The Environment Court has granted Auckland Council a resource consent to improve the way it manages all stormwater discharges across the region to help protect the environment, people and property while improving water quality.
The consent, a landmark for local authorities in New Zealand, replaces 116 different consents.
“Tackling Auckland’s water quality challenge has been exacerbated by a fragmented approach and a patchwork of consents and authorisations. Many of them are out of date and out of step with current requirements, growth and development pressures to open up land for housing,” says Mayor Phil Goff.
“This new consent will replace the confusing and complex current consenting arrangement and will allow the council to deliver savings, efficiency, consistency and improved environmental performance while supporting growth.”
The scope of the consent, which was widely consulted on across mana whenua, community and environmental groups, developers, government and council partners, covers all discharges from the public stormwater network including for developments in future greenfield areas.
The consent went through a publicly notified hearings process and granted in April 2019 but was appealed by Housing New Zealand, Forest and Bird and the Herne Bay and St Mary’s Bay Resident’s Associations. Through mediation with the appellants and over a dozen interested parties, Auckland Council agreed to amend several conditions. As a result of the mediation, the parties helped clarify and improve how the consent will operate in a practical sense. The Environment Court issued the consent order today.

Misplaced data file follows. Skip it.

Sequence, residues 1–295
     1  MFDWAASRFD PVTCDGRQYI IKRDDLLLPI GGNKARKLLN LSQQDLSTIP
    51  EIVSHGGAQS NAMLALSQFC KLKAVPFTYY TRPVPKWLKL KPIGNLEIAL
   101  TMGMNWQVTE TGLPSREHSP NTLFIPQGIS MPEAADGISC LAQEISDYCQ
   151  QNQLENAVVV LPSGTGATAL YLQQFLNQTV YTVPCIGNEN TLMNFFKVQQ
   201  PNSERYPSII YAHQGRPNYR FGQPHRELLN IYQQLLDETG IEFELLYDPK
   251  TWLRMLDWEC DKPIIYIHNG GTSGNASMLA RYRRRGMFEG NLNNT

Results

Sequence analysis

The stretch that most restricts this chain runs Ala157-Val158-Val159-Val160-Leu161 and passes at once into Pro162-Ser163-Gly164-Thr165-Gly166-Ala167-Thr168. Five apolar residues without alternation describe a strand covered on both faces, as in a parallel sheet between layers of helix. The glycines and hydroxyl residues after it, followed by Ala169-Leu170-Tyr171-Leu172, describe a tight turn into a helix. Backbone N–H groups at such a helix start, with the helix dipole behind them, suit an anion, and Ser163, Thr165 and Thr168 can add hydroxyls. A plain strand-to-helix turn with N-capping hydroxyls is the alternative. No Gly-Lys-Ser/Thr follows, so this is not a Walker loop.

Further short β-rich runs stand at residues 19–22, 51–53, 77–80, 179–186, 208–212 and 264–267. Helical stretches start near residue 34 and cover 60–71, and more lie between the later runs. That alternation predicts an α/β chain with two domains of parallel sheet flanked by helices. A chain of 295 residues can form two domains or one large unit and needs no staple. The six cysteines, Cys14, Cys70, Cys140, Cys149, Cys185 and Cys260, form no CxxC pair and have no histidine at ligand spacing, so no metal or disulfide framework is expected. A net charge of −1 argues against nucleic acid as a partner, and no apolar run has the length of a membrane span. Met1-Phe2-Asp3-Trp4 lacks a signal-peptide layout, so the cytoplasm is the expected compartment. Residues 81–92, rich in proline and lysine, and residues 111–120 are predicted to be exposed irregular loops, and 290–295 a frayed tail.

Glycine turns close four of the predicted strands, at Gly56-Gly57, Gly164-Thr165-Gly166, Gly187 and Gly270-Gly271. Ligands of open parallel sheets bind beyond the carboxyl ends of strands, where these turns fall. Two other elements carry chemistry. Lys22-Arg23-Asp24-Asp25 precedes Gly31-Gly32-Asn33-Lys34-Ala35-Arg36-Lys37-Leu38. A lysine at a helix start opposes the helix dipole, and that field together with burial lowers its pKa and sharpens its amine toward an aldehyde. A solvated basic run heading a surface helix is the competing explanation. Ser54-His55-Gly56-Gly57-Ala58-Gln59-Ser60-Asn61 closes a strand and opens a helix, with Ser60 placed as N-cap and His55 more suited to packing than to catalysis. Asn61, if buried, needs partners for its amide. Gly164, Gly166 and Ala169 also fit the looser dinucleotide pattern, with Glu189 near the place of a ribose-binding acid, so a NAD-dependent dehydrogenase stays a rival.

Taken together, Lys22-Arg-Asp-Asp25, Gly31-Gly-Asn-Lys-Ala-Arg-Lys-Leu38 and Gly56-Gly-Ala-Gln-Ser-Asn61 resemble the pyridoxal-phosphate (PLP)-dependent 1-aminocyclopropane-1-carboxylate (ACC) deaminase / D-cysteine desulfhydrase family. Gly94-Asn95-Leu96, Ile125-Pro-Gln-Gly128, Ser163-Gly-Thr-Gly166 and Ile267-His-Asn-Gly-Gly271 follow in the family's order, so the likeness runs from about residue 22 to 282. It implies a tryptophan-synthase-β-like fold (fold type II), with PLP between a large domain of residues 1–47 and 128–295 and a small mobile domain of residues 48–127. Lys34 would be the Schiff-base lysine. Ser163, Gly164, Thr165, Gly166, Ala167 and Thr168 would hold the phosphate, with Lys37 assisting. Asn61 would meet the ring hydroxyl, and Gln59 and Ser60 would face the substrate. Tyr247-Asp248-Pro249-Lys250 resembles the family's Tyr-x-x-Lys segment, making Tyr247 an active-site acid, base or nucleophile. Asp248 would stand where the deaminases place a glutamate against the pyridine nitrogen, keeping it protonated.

“We need to embed sustainable, best management practices in subdivision and stormwater design for both new development and redevelopment,” says Craig Mcilroy, General Manager Healthy Waters. The council department manages Auckland’s public stormwater network from maintenance to capital investment of around $1.5 billion in stormwater network infrastructure upgrades over the next 10 years.
“The stormwater network discharge consent is a key tool in the management and integration of the region’s natural water assets to mitigate impacts from climate change and flooding and allow the multiple community and environmental outcomes to be realised,” Mr Mcilroy said.
“It promotes greater use of water sensitive design in greenfield and major brownfield development to enable essential growth while protecting and enhancing Auckland’s highly valued aquatic environments – both freshwater and marine.”
He said the development community was expected to build and vest back to council $850 million of new stormwater infrastructure over the next 10 years, so it was important there were open discussions and they were on board with what council needs to deliver.
“Improving the quality of our waterways is not a one-time fix but needs collaboration and consultative relationships, focused effort and unwavering commitment from multiple organisations and Auckland communities. Resilient, enduring and integrated stormwater solutions are required to take us into the future to establish a truly resilient water sensitive community,” Mr Mcilroy said.